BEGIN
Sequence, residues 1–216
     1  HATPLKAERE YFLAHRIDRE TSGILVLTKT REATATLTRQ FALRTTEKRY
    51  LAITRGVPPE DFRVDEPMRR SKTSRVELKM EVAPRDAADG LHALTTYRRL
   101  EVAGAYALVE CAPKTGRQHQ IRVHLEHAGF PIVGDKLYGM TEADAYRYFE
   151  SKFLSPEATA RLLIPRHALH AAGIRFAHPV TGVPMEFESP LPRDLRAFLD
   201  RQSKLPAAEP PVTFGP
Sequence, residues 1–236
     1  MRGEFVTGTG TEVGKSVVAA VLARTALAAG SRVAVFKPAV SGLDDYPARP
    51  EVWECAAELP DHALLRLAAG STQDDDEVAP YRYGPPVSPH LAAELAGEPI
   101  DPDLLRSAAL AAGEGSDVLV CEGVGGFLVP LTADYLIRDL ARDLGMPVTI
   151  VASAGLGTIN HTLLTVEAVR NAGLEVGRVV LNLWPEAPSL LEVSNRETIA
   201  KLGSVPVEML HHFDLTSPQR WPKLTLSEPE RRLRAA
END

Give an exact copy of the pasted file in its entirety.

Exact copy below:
Sequence, residues 1–216
     1  HATPLKAERE YFLAHRIDRE TSGILVLTKT REATATLTRQ FALRTTEKRY
    51  LAITRGVPPE DFRVDEPMRR SKTSRVELKM EVAPRDAADG LHALTTYRRL
   101  EVAGAYALVE CAPKTGRQHQ IRVHLEHAGF PIVGDKLYGM TEADAYRYFE
   151  SKFLSPEATA RLLIPRHALH AAGIRFAHPV TGVPMEFESP LPRDLRAFLD
   201  RQSKLPAAEP PVTFGP
Sequence, residues 1–236
     1  MRGEFVTGTG TEVGKSVVAA VLARTALAAG SRVAVFKPAV SGLDDYPARP
    51  EVWECAAELP DHALLRLAAG STQDDDEVAP YRYGPPVSPH LAAELAGEPI
   101  DPDLLRSAAL AAGEGSDVLV CEGVGGFLVP LTADYLIRDL ARDLGMPVTI
   151  VASAGLGTIN HTLLTVEAVR NAGLEVGRVV LNLWPEAPSL LEVSNRETIA
   201  KLGSVPVEML HHFDLTSPQR WPKLTLSEPE RRLRAA